I was just about to ask if there were any that you haven’t done yet that you’d still like to do.
I did an interview last year and they asked me if I had to choose five ballets, what my favourite is or what I’d like to do and I hadn’t done any of them yet. I said; the Black Swan in Swan Lake, Kitri in Don Quixote, Juliet in Romeo and Juliet, Giselle in Giselle and Carmen and it happened in that order. Hopefully the next one is Carmen. I really hope it is.
When you are part of a ballet company, do you still have to audition for roles or do they get assigned to you?
No. Every now and then, let’s say for Cinderella, there will be a fairy rehearsal and Veronica will come in and watch and all the girls need to stay and she will teach the solos and then she will see, “I like that one in that role.” Or, “She’s a good turner so she needs to do that solo.” I think for outside choreographers, they will come and watch classes and it’s almost like an audition. They see who they like or whose personality will suit what role but we have ranking within the company. I think that more or less you know your soloists will usually do the solos or the principal roles. Later this year, we’ll do Swingtime and Sean Bovim came in for a week just to watch class and rehearsals to get a feel for the dancers and that is basically the audition because it’s his ballet that we are doing in four months and he is sitting watching us. Obviously you have to show your best side and do what you can do and then I think he sees. So yes, we kind of do have auditions but not to get a job, more for roles.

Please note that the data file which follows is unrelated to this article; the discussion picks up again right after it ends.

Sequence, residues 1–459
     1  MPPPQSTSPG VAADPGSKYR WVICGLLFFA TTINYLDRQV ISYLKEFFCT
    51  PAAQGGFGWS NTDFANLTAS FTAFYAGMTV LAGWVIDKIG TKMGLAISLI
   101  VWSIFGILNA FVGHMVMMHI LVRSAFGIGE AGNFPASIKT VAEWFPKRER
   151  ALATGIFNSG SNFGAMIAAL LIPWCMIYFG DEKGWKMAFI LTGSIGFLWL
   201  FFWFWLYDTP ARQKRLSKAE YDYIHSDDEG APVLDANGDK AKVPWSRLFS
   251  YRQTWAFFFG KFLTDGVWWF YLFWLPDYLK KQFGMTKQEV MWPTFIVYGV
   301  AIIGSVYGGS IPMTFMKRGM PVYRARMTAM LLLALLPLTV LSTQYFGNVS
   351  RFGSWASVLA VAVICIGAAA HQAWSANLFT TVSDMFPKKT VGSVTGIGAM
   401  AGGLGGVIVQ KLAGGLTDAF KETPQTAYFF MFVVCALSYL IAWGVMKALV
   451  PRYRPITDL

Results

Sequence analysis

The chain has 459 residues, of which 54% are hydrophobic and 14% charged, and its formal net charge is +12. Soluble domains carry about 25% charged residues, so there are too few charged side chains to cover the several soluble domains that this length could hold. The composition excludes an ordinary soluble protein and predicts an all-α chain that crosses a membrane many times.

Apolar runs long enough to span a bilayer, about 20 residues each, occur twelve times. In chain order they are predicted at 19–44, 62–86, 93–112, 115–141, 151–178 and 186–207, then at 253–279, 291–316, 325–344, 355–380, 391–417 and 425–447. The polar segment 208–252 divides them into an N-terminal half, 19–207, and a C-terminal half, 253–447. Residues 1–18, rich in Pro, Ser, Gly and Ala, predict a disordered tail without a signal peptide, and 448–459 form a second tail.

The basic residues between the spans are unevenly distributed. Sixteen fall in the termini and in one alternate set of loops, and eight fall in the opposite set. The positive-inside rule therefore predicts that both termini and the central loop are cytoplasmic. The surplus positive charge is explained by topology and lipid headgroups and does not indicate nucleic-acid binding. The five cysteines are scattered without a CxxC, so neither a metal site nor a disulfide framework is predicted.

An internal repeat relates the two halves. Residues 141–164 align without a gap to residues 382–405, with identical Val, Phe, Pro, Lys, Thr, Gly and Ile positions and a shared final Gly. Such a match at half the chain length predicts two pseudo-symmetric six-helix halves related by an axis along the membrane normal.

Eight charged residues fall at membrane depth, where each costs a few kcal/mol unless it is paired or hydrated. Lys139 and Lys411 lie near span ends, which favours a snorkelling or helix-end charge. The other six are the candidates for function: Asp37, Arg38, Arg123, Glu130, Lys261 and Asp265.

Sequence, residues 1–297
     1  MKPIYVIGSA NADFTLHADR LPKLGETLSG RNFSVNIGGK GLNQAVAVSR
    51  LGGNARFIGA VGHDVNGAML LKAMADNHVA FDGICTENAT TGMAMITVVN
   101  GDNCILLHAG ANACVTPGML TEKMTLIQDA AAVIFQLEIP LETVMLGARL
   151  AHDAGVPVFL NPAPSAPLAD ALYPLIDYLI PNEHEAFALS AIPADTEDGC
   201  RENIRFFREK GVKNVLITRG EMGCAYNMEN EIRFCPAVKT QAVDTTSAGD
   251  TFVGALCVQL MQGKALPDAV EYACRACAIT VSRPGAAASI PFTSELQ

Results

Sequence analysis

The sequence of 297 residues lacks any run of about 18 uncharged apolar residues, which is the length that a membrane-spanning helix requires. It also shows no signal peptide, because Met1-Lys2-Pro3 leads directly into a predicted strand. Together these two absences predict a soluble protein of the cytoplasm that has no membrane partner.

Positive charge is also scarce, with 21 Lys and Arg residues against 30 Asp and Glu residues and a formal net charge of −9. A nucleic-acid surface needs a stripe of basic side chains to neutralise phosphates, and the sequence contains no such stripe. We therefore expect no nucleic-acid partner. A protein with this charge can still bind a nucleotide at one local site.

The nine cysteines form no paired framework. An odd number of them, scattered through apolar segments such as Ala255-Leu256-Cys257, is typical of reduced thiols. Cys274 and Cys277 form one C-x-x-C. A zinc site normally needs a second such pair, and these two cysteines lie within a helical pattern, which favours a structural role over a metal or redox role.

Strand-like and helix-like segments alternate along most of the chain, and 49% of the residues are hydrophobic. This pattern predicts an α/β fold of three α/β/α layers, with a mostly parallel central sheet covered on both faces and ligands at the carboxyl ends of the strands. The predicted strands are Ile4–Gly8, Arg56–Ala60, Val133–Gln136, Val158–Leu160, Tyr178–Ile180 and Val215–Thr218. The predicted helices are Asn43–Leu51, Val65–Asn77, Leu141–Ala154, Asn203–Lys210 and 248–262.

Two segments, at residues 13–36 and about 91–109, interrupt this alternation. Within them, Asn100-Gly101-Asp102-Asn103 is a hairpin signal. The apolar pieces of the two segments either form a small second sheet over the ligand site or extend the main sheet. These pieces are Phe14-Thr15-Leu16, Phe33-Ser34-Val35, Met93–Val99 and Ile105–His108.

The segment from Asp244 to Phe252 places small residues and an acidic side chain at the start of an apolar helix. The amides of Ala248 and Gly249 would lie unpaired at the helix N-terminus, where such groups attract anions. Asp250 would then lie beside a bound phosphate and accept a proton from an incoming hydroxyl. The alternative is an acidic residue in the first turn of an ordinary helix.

Do you feel like there is an added pressure when you have an outside choreographer coming in to watch rehearsals?
Subconsciously I think so. I think a lot of people go, “Oh my gosh, they are coming to watch,” and they get stressed. I might say that I don’t feel stressed but I think subconsciously it’s part of the job. You always have to perform, you always have to be at your best. You never know who is watching. You always have to give your best.
What do you find to be the biggest misconception that people have about dancers?
That we don’t eat. We are normal people and we eat exactly the same as other people, or they think that you just eat salad but how can you have so much energy by just eating salad? Yes, salad is great but you need a nice big bowl of pasta. You need those carbs to have the energy and I think a lot of people don’t understand that. Sometimes, if I tell people that I have to go to the theatre at 3pm, they’ll say, “But your show is only at 8pm.” They don’t understand that there is so much happening before the actual show. You do a full on technical class before the show, you have to set your props, you have to do hair and makeup. There is much more going on behind the scenes than just the actual show.
So many people aren’t lucky enough to have their passion turn into their full-time career. How do you keep your passion for dance alive while it essentially is also your job?